Francesca Whitehurst, 2015, Roland Park Country School

by Katherine Dunn

Francesca Whitehurst had only two gears on the lacrosse field — nothing and full speed — according to her high school coach Regan Koffel. Whitehurst spent very little time in “nothing.”

“She’s just pure grit. She goes 110 percent all the time,” Koffel said. “As a midfielder, who has to be at both ends and has to run up and down the field, she’s someone you can rely on to get that job done. She was such a hard worker. Everyday at practice, she’d come out like it was a game, ready to play. Sprints or drills or whatever, she’s doing them full speed. We always joked that there was nothing and there was full speed. She didn’t have that middle gear. She was always just giving her all.”

After her brilliant high school career and an summer with the US U19 National Team, Francesca Whitehurst went on to an All-American career at Georgetown University, becoming the first Hoya with 100 career goals and 200 career draw controls.

On the field, full speed was a lot faster for VSN’s No. 5 Girls Lacrosse Midfielder of the Decade than it was for most other players. Whitehurst scored one of the fastest goals on record during her senior year — six seconds from draw control to net.

Opponents just could not slow her down, so she got a lot of great looks at the goal. Her senior year, she scored 71 goals and hit 74 percent of her shots while leading the Reds to the IAAM A Conference final.

“She is the one player I found to be unstoppable,” Maryvale Prep coach Jessica Randisi told The Baltimore Sun in 2015. “She’s faster than everyone in the league and she made a significant difference with her presence.”

USA Today named Whitehurst the All-USA Player of the Year as a senior and she was The Baltimore Sun’s Player of the Year and an Under Armour All-American. After her senior year, she played for the U.S. Under-19 national team.

Also a soccer and basketball standout at Roland Park, Whitehurst used a combination of speed, quickness, skill and high athletic IQ to be a force all over the field. She finished her Roland Park career with 198 goals and 20 assists as well as a lot of draw controls, including 72 her senior year.

Twice, she led the Reds to the IAAM A Conference final, but her fondest memory comes from the 12-10 tournament semifinal win over Notre Dame Prep her junior year.

“I don’t think we were expected to go to the championship that year,” Whitehurst said, “and we probably had the closest team that we had yet. Winning that game and the excitement we all felt — we all stayed on the field for like 30 minutes celebrating. That was definitely my favorite game.”

In both title games, Roland Park pushed national No. 1 McDonogh before falling — by one goal her senior year — but that couldn’t diminish Whitehurst’s high school lacrosse experience.

“I probably had the best four years. I know that’s cliche, but I’m still so close with some of my best friends that I played with. I have probably eight girls that all were a part of the team and we talk almost every day. Being able to just play with some of your best friends and have so much fun in that kind of environment and to make it to two championships my junior and senior year, it was awesome.”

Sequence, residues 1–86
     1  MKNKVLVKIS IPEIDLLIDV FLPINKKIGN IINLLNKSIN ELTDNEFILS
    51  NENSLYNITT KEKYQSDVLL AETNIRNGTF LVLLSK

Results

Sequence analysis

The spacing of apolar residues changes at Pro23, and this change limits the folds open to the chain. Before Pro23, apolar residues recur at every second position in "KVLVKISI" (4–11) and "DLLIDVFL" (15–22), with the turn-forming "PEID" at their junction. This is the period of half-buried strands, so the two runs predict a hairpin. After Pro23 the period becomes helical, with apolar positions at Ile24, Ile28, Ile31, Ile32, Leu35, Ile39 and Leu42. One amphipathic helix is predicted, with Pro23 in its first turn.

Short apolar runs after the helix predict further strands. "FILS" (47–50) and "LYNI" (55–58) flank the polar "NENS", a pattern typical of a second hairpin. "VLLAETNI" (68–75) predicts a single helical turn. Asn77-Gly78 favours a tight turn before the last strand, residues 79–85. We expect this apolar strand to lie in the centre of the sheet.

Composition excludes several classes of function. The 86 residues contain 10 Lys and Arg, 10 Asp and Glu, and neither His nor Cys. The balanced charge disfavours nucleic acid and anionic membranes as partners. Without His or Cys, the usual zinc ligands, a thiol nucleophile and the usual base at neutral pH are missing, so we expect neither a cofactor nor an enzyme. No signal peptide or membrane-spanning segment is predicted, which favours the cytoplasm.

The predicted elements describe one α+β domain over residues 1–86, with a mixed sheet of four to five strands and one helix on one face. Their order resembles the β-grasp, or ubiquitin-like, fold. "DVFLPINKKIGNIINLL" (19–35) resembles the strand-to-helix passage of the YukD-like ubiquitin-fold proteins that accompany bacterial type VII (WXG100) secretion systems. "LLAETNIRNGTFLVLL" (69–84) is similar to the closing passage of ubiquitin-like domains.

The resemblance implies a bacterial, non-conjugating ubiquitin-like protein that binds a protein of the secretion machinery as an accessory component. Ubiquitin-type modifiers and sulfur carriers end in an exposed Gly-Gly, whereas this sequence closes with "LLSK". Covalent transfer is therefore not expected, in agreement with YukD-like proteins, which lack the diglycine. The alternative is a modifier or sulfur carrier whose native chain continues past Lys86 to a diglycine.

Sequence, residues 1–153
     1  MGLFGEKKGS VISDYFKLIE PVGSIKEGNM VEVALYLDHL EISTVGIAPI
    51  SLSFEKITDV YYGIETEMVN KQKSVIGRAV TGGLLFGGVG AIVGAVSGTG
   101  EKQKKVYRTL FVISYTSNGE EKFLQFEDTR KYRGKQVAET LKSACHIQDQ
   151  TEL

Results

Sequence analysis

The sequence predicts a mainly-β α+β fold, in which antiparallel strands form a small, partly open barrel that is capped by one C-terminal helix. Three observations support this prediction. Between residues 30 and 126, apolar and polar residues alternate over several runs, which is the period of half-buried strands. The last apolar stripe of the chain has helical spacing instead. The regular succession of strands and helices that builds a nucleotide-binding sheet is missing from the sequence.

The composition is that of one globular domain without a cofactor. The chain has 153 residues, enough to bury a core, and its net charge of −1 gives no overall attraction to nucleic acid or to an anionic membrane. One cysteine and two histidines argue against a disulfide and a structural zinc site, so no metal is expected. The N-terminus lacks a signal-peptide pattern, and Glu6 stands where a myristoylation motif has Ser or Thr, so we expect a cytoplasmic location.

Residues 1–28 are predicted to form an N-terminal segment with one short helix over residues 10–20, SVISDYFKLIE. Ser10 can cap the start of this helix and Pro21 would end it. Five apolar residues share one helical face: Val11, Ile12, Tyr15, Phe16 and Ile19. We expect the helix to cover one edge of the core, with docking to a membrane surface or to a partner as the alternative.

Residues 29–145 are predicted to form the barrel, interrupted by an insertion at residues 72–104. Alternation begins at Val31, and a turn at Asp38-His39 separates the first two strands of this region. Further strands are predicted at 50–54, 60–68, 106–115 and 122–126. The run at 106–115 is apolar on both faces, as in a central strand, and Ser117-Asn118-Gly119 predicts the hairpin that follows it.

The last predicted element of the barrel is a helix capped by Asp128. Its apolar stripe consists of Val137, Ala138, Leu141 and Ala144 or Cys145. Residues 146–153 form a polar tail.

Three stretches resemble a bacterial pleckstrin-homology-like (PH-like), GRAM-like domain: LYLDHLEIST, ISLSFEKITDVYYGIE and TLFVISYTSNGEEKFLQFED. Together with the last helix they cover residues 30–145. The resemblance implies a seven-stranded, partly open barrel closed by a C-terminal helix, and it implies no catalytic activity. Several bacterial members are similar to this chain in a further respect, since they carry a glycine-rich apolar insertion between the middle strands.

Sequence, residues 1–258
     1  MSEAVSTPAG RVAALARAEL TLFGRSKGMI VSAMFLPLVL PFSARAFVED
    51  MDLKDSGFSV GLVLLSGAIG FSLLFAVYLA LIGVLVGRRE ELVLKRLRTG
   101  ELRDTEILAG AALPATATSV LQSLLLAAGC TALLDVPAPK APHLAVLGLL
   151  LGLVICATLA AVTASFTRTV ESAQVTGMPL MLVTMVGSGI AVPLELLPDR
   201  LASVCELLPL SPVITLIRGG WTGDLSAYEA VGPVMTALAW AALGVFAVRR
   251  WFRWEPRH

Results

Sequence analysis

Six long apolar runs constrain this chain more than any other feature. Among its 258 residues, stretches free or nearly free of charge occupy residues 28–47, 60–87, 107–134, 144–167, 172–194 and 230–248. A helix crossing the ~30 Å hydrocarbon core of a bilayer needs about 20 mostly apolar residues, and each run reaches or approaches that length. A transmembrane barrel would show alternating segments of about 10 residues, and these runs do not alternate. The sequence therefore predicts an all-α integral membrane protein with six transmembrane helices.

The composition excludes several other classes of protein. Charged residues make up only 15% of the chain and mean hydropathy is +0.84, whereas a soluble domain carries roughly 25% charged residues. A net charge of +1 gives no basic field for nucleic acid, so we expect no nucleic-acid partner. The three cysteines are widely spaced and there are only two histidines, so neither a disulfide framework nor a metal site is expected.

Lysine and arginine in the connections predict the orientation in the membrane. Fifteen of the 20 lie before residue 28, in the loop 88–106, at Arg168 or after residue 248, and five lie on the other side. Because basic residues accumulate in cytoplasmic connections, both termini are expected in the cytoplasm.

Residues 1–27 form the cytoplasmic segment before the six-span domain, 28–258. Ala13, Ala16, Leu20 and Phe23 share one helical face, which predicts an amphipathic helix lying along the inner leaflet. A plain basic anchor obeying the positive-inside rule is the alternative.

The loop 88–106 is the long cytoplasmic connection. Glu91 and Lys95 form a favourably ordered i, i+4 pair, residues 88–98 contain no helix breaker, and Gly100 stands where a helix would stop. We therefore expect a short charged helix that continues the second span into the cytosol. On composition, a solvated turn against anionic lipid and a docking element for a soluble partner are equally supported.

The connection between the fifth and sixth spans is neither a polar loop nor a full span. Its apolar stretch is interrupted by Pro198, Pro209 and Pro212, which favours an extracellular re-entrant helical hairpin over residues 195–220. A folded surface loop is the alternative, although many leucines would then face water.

After her senior year, she was selected to the All-World Team after helping the U.S. win the silver medal at the Under-19 World Championship in Scotland and she went on to become Georgetown’s first All-American in six years in 2019.

Whitehurst said playing for the U19 team was one of the best experiences of her life.

“I still say this to this day —through college and even when I was on the training roster for the senior (U.S. national) team for a period of time — that [from the] U19 experience, I think I learned more than I ever have. At such a young age, it took my game to such a completely different playing field. Those were, hands down, some of the best coaches I’ve ever had and they just pushed me to my limits. I’m grateful for that and it 100 percent prepared me for college,” she said.

At Georgetown, Whitehurst capped her career as an Intercollegiate Women’s Lacrosse Coach’s Association second-team All-American after leading the Hoyas in scoring with 76 points, including 42 goals, as well as draw controls with 82 and caused turnovers with 10.

Twice she was named Big East Midfielder of the Year and finished her career with 105 goals, 69 assists and 218 draw controls. She was the first Hoya with 100 career goals and 200 draw controls.

She played one summer of professional lacrosse right out of college and she now works for Insight Global, a staffing recruiting agency in Baltimore, where she recruits workers mostly for positions within the IT field.

Now that she’s established in her career, Whitehurst hopes to get more into coaching. She previously coached with her former club team, TLC, and also helped with winter sessions at Roland Park. Before COVID-19 struck, she gave private lessons.

“I was coaching the rising juniors, so they were right around that recruiting age and I definitely love that age. I love coaching high schoolers, people who are looking to get recruited, just because having someone right out of college I felt like was beneficial to them and I took a lot of value out of that, so that’s definitely the age group I’d like to stay involved with. I’d love to, at some point, get into the high school level. I’d love to go back to Roland Park or anywhere. That’s my goal.”

No. 1 Draw Control Specialist: Maddie Jenner, 2018, McDonogh School